Volatile Markets Can Be Scary. Hear Our Thoughts.

Benjamin Haas |

In the last several weeks, we have continued to face rocky times in financial markets, so we thought it was an important time to take stock again as we move into the final quarter of 2022.

To be clear right off the bat, the intent in sharing these updates is not to sound any alarms. Rather, we know that even for long-term investors like you and me, these swings and losses can feel a bit unnerving. Even I need to remind myself of why we diversify and resist the urge to “jump ship” as they say. If you’re fine to trust the process and you’re not stressed by these short-term movements, know that we feel okay and promise to communicate directly if/when we feel we need to make adjustments.

If you want to get deeper in the weeds with us today, I am going to share a couple things we are reading and following, just as I did back in June and in May and March before that. So let’s start there. The predominant theme of 2022 has not really changed: Stock AND bond markets continue to struggle with more persistent than expected inflation. You undoubtedly feel it, not only as an investor but also as households and businesses. We are all navigating higher prices and borrowing costs and that certainly creates challenges for not just us as individuals, but for the whole economy.

The Federal Reserve (Fed) continues to raise interest rates to try to control that inflation and find some price stability again. It’s one of the few tools the Fed has to try to control inflation, but it’s not as though they can just turn a dial or flip a switch. There are a lot of factors that drive prices and inflation so a lot of uncertainty remains on how these rate increases will play out and over what period of time. There are also a lot of factors OUT of the Fed’s control and no real clarity around WHEN those factors may see some resolution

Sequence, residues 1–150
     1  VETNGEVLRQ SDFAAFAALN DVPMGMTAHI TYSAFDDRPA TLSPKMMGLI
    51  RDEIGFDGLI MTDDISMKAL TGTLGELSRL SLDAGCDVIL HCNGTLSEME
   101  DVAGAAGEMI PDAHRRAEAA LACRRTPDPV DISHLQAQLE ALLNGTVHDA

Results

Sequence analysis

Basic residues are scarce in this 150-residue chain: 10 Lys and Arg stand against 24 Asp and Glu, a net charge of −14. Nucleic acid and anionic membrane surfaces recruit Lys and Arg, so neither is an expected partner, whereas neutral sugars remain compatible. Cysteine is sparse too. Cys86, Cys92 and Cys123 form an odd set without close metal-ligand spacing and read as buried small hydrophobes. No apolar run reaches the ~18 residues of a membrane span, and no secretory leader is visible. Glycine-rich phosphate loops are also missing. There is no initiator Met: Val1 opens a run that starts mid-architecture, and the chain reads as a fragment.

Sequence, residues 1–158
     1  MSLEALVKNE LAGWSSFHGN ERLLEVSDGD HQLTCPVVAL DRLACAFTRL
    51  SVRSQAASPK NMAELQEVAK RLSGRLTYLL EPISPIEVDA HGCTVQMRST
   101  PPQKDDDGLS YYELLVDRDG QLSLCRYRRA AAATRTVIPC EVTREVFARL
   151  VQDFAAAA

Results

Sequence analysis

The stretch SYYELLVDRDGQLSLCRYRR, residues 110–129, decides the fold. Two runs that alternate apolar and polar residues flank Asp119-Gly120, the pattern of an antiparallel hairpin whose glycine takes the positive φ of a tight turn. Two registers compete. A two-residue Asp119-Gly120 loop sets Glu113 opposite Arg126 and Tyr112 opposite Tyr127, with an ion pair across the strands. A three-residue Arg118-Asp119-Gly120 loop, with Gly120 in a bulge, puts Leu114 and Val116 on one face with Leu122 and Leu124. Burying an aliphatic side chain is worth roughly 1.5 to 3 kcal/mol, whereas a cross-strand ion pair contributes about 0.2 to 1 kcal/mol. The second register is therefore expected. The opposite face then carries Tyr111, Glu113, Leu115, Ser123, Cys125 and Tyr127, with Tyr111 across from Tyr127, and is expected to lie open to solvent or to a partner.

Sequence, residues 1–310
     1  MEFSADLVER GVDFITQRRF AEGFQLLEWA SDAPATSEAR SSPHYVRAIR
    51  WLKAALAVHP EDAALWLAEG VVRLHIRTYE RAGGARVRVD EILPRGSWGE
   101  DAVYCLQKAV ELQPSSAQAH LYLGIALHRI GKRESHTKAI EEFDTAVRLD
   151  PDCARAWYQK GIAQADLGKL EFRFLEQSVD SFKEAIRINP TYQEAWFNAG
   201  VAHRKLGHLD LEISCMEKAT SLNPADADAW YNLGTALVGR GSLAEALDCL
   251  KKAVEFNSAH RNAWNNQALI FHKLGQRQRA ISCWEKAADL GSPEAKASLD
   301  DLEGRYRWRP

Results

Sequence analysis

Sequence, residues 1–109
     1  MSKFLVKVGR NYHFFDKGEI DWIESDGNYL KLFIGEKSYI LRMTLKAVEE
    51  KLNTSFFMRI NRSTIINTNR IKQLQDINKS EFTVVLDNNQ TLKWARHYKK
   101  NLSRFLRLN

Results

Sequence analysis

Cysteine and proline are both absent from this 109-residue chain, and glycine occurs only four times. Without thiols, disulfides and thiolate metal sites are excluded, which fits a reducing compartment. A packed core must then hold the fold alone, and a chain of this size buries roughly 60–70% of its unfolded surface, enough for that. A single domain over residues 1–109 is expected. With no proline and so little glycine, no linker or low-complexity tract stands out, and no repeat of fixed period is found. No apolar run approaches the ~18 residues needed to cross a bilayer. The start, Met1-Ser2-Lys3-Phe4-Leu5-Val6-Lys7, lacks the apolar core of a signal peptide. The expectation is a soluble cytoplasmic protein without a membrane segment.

• We still have supply chain issues messing with the balance of supply and demand
  • We still see a zero-Covid policy in China that further skews demand and production
  • And we still have war in Ukraine that is sending ripples well-beyond the battlegrounds

The market hates uncertainty. And it’s trying to figure out how it will all play out. We know we have a Fed stating it is willing to do whatever it takes to reign in prices, which means deliberately slowing the growth of the US economy. Fact is, that could potentially induce a recession. Recession means lower expectations on corporate profits. Recession means lower stock prices.

Now, the market is NOT the economy, but being very forward looking, the market IS trying to make a prediction on whether the Fed can balance slowing the economy enough WITHOUT pushing us into a recession. I think you will hear arguments on both sides of whether they can pull that off for weeks to come. While that debate happens, the reality is we have to go through this period of uncertainty -

  • Markets will react
  • We expect volatility to remain
  • Which probably means most asset classes will be challenged to rise in price, not just stocks.
  • Bonds typically do poorly when there are ongoing interest rate hikes and rising inflation.  We should expect that to the case this time too.
  • Slowing economic growth can negatively impact corporate earnings, which as the main driver of prices means prices may continue to go down.
  • And that's not just here in the US.  International markets are faced with similar challenges and also continue to feel the effects of the Ukraine war and a stronger US dollar.  So we can't hide there either.

It’s not comfortable. It’s not fun. But let me flip the script a bit though and share that I feel there is a positive spin I can reasonably put on all of this with some thoughts directly from Jeff Roach, Chief Economist with LPL Research: